“It’s been shown that when you collaborate with patient and parent, writing a stepwise plan for how to handle maintenance, emergency care, and times when the patient may be losing control … is well worth the effort.”

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Experts are concerned because more people of all ages are affected. About 25 million people, or 8% of the U.S. population, had asthma in 2017, compared to 20 million, or 7.3%, in 2001.


Day-to-day challenges

Children’s Hospital of Philadelphia’s asthma web page says some possible causes for the uptick are increased air pollution; homes with less ventilation, more moisture, and more indoor pets; and kids generally spending more time indoors.

While physicians and researchers are eager to match a correct diagnosis to each patient, it’s parents who deal with the day-to-day consequences of chronic illness, as illustrated by the stories told in a Facebook group for parents of kids with asthma.

A toddler without asthma might have a tantrum and her parents can choose to ignore it. Not so much if your toddler has asthma. One parent described her son’s distress over wearing his seat belt because of the belt buckle. He felt like he couldn’t breathe, his mother wrote, but he couldn’t ride in the car without it. He cried so hard, he had an asthma attack. They missed the birthday party they planned to drive to.

Another parent wrote about her child’s hair loss from too many medications. When another parent asked for help getting her 12-month-old to wear a mask for his breathing medication, there was advice at the ready: Get everyone in the family to wear a mask, and then do goofy things.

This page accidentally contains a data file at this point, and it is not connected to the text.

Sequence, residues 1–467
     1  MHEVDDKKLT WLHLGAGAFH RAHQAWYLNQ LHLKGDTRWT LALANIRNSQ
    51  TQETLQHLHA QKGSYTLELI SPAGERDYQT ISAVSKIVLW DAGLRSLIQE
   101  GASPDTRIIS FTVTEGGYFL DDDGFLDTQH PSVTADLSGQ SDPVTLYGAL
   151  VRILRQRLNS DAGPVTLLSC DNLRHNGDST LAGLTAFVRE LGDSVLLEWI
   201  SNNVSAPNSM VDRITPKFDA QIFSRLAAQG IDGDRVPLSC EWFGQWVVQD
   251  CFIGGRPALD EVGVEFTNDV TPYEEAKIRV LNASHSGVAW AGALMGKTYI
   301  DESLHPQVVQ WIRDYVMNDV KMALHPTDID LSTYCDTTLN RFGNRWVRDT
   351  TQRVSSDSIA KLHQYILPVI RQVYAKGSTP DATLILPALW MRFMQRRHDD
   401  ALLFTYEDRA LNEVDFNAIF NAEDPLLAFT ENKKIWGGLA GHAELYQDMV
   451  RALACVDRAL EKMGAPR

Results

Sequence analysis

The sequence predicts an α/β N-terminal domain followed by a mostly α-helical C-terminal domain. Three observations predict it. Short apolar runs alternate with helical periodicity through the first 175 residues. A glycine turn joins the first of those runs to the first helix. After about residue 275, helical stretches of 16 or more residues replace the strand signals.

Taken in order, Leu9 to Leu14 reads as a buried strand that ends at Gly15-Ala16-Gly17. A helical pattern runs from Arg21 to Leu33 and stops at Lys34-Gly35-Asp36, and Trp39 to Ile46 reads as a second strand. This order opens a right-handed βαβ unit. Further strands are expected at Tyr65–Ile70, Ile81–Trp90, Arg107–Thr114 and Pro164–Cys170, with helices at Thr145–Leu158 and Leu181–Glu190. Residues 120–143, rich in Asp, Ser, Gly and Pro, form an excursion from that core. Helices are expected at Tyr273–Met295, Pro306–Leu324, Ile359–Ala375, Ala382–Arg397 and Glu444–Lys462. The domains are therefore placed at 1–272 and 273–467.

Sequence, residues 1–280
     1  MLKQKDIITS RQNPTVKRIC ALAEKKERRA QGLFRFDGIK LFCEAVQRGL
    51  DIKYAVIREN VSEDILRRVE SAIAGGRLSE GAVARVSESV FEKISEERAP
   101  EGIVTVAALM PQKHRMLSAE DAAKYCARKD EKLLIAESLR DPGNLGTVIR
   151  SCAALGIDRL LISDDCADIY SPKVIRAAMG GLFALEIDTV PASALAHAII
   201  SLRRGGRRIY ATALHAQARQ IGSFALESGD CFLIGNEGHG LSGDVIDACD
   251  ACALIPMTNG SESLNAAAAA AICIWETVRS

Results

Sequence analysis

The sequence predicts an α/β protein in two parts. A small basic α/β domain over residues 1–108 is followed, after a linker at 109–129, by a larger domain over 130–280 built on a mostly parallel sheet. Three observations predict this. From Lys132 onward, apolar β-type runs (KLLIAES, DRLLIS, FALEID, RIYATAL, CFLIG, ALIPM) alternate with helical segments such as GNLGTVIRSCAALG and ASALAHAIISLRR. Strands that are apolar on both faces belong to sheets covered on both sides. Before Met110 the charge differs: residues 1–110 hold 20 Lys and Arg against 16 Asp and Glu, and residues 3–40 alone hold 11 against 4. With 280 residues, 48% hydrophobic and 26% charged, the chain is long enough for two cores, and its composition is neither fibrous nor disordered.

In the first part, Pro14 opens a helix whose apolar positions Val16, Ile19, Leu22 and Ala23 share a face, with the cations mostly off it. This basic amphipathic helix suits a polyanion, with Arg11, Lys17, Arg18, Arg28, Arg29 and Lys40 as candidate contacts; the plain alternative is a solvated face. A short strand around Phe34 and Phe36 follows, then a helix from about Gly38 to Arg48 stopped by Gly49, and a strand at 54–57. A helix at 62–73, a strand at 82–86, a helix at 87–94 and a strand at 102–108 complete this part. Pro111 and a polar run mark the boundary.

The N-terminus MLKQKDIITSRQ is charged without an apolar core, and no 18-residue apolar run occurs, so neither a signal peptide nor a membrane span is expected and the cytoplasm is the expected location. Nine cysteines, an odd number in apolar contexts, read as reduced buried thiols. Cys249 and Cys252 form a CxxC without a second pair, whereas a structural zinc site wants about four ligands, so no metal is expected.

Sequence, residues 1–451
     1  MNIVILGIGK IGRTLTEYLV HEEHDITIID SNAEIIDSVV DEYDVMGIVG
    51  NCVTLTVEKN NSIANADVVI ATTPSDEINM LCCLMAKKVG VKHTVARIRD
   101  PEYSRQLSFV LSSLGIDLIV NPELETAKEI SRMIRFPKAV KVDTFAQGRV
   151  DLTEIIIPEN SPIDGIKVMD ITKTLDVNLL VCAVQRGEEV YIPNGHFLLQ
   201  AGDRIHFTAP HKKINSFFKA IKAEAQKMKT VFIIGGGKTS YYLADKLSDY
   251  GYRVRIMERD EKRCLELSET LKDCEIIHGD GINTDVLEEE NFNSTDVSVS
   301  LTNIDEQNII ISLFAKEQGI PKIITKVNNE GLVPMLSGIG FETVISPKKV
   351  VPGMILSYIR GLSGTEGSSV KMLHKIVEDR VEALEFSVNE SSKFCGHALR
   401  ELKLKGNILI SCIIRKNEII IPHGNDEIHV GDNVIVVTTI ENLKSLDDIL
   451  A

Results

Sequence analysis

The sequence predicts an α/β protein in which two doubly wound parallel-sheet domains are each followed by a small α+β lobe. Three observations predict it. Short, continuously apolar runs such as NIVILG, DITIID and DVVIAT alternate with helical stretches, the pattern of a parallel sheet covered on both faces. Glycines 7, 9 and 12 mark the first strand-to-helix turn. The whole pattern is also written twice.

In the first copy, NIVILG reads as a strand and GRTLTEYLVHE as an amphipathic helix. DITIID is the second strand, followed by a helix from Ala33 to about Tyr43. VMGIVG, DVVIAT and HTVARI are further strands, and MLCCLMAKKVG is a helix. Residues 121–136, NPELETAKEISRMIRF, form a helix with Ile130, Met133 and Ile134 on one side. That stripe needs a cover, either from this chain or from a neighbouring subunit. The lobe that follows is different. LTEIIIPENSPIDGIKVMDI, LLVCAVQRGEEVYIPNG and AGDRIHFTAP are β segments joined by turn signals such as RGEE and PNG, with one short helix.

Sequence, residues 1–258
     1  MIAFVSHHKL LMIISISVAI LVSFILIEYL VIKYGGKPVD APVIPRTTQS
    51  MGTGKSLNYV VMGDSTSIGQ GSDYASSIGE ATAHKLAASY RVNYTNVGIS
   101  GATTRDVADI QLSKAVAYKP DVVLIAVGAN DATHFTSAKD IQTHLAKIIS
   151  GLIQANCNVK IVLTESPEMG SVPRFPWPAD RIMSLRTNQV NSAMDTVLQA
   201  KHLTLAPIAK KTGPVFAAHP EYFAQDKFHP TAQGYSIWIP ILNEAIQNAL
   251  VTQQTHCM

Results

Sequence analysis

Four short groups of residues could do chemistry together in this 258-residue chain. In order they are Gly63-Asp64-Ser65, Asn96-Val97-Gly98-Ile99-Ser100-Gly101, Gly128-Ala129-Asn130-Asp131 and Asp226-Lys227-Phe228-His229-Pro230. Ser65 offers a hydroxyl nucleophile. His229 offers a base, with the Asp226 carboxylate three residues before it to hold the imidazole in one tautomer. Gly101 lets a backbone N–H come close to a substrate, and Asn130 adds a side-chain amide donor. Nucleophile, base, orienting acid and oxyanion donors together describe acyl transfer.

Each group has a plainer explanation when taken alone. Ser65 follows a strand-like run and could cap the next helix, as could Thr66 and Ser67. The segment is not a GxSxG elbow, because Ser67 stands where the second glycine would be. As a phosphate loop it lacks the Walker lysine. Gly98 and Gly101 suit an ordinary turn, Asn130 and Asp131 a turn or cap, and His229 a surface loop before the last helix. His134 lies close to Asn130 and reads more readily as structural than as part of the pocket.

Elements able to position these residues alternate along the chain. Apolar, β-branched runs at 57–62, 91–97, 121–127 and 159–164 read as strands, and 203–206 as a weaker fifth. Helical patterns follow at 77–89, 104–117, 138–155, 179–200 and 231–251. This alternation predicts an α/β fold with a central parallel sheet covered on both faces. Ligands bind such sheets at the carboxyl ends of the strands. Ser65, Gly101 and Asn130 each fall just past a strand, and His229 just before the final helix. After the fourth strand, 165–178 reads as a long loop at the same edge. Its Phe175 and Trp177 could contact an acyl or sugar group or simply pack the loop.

And one parent asked the group: Do any of you have PTSD (post-traumatic stress syndrome) from being the parent of a child with asthma? That question got 106 comments and 57 likes.

These days, more children are being treated for asthma in emergency rooms, and they are being diagnosed at earlier ages. The Centers for Disease Control and Prevention says that in 2016, 1.8 million people received care for asthma in emergency departments, even though the prevalence of asthma attacks, or exacerbations, has been going down. In 2001, 61.7% of children and 53.8% of adults with asthma had at least one exacerbation in the prior year, compared with 51.6% and 43.6% in 2017. The rate of death from uncontrolled asthma has held steady at 11.2 per million since 2008.

Children’s Hospital of Philadelphia’s Maryori Canales, a community health worker, said some asthmatic youngsters she sees in West Philadelphia have missed weeks of school because of uncontrolled exacerbations.

“Studies have shown that severe asthma accounts for an outsized proportion of the disease-related morbidity, mortality and health-care costs,” Panettieri and colleagues including Sally E. Wenzel, chair of the University of Pittsburgh’s Department of Occupational and Environmental Health, wrote in a journal article last fall discussing the condition among patients of all ages.


An earlier study noted that 11% of children in primary-care settings are wrongly prescribed inhaled corticosteroids, while many of those with asthma-like symptoms are under-diagnosed. There are many reasons why, not the least of which is that kids still have developing immune and respiratory systems, and they also have small airways.